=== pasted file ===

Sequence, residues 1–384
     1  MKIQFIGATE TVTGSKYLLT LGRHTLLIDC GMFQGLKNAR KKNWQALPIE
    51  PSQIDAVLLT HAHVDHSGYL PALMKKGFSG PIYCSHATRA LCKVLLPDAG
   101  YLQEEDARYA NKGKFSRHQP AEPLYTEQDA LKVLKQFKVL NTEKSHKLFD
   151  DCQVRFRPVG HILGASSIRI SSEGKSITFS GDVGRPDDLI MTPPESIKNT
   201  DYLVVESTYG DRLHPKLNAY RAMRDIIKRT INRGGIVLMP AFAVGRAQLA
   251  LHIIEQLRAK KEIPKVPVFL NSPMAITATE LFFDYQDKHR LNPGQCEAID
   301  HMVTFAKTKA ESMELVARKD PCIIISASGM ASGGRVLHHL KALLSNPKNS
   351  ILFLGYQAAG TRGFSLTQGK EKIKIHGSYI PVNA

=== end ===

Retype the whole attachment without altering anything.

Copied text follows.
Sequence, residues 1–384
     1  MKIQFIGATE TVTGSKYLLT LGRHTLLIDC GMFQGLKNAR KKNWQALPIE
    51  PSQIDAVLLT HAHVDHSGYL PALMKKGFSG PIYCSHATRA LCKVLLPDAG
   101  YLQEEDARYA NKGKFSRHQP AEPLYTEQDA LKVLKQFKVL NTEKSHKLFD
   151  DCQVRFRPVG HILGASSIRI SSEGKSITFS GDVGRPDDLI MTPPESIKNT
   201  DYLVVESTYG DRLHPKLNAY RAMRDIIKRT INRGGIVLMP AFAVGRAQLA
   251  LHIIEQLRAK KEIPKVPVFL NSPMAITATE LFFDYQDKHR LNPGQCEAID
   301  HMVTFAKTKA ESMELVARKD PCIIISASGM ASGGRVLHHL KALLSNPKNS
   351  ILFLGYQAAG TRGFSLTQGK EKIKIHGSYI PVNA